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Homework Help: Change in entropy, quasistatic, isothermal expansion

  1. Oct 23, 2014 #1
    1. The problem statement, all variables and given/known data
    I am to show that ΔS=Q/T for the isothermal expansion of a monoatomic ideal gas, when the expansion is so slow that the gas is always in equilibrium.

    2. Relevant equations
    1. law: ΔU=Q+W (We mustn't use dQ and dW - our teacher hates that :( ).
    Ideal gas law: PV=NkT
    We need the equation: ΔS=Nk*ln(V_final/V_initial)
    And that quasistatic expansion work is W=-PΔV

    3. The attempt at a solution
    -I think I am to start with: ΔU=Q+W⇔Q=ΔU-W, where ΔU=0 since its isothermal.
    -I know that it is quasistatic expansion work, so W = -PΔV, so Q = -(-PΔV) = PΔV
    I think I want to get something from the ideal gas law in here: P=(NkT)/V, so


    But then I kind of get stuck there...

    Hope someone can help. I thinks it is really easy, but I kind wrap my head around it.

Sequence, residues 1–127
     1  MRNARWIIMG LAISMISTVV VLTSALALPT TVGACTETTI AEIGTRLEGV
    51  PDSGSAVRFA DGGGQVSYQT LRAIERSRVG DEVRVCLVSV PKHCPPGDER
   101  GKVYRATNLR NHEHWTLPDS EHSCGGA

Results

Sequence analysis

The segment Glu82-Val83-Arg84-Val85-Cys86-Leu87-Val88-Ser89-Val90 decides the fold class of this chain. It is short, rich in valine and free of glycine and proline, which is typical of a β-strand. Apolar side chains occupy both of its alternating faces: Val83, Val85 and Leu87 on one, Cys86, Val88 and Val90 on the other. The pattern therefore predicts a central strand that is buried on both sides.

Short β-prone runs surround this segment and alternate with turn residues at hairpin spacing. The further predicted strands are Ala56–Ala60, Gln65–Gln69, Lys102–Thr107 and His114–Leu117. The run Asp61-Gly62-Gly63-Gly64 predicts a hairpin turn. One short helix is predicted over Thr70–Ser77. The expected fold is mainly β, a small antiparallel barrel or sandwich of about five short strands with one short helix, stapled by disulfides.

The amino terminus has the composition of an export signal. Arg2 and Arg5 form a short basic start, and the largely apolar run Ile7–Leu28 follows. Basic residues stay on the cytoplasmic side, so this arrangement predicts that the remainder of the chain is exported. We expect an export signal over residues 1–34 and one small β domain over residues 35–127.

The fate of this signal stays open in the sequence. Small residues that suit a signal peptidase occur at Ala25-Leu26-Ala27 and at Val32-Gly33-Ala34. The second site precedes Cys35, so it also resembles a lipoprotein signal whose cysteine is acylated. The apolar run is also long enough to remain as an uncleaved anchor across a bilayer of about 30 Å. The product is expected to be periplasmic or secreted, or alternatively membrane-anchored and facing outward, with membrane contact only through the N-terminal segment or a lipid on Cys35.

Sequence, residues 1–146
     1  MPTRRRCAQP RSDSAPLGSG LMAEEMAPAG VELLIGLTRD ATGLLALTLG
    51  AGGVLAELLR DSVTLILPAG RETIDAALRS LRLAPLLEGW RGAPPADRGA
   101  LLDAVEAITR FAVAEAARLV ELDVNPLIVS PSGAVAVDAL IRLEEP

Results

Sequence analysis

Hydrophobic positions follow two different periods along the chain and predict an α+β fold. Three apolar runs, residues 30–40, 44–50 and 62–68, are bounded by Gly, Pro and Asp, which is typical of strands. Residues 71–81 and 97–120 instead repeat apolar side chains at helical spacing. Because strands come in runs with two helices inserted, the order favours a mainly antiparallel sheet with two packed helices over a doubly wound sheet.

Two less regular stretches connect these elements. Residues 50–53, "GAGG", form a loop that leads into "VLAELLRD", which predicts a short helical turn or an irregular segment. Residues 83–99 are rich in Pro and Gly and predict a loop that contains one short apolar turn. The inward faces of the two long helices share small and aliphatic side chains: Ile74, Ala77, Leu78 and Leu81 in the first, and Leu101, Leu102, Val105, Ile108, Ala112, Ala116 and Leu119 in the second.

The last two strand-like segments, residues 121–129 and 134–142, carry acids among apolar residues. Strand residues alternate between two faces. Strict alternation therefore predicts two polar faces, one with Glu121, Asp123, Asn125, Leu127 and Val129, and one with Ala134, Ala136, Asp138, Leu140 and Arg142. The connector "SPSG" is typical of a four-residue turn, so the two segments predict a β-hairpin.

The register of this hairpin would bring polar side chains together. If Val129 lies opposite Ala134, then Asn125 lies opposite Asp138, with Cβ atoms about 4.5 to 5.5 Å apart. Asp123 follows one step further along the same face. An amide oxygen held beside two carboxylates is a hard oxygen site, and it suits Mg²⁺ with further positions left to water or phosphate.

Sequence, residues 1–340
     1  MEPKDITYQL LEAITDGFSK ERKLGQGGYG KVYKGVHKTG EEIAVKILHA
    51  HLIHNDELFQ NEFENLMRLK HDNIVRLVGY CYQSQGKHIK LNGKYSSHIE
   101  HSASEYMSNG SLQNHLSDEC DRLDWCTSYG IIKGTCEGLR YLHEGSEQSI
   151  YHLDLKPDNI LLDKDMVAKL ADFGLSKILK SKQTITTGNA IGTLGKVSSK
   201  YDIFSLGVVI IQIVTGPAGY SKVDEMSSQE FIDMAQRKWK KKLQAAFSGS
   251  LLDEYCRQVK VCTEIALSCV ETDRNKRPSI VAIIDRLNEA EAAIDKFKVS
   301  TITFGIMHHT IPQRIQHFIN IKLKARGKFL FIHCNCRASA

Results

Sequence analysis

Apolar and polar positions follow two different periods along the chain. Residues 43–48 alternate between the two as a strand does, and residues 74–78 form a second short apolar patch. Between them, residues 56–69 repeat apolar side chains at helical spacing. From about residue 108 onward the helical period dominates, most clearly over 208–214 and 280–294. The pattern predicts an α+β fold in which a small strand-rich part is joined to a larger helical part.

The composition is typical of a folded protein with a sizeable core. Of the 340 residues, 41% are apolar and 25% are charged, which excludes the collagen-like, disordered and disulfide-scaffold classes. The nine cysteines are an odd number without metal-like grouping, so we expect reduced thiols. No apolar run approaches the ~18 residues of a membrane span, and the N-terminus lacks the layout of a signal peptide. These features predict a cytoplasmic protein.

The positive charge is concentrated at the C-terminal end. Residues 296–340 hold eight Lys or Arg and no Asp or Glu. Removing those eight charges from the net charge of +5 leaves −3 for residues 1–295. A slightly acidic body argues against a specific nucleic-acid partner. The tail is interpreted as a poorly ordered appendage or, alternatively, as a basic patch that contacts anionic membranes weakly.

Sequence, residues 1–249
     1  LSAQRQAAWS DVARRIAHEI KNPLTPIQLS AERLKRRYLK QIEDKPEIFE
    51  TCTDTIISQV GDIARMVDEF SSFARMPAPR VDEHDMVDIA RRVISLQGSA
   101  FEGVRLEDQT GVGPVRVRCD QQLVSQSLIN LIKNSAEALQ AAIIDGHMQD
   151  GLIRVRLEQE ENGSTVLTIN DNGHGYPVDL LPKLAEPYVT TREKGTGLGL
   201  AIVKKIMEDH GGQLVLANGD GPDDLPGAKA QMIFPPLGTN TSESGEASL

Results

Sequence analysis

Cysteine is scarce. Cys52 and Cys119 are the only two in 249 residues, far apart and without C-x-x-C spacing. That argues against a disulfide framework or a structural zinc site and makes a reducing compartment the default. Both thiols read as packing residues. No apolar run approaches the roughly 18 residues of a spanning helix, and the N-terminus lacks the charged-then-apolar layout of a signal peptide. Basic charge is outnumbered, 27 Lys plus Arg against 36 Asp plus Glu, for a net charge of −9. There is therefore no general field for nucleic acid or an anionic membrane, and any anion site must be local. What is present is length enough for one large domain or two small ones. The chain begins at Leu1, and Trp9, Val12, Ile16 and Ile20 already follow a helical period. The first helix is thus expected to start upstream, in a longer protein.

Last edited: Oct 23, 2014
  2. jcsd
  3. Oct 23, 2014 #2


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    Looking at what you are supposed to show, take Q/T and compare that to what you have for ##\Delta S##.
    So it seems like the question is: does ##\frac {\Delta V}{V} = \ln \frac{V_{final}}{V_{initial}}##?
  4. Oct 23, 2014 #3
    Yeah - something like that?
  5. Oct 23, 2014 #4


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    What do you know about the function for V and/or ##\Delta##V if you are given an initial and final state?
    Also, in the equations you provided for the ideal gas law, you change between R and k, are these different parameters?
  6. Oct 23, 2014 #5
    I don't know anything but what I have written unfortunately. No, sorry - that's my mistake. It should have been k all along.
  7. Oct 23, 2014 #6
    You really had the right idea in your initial post. Nice job. Now, just express the heat in differential form:
    Then integrate between the initial and final volumes.

  8. Oct 24, 2014 #7
    Great - thanks a lot :)
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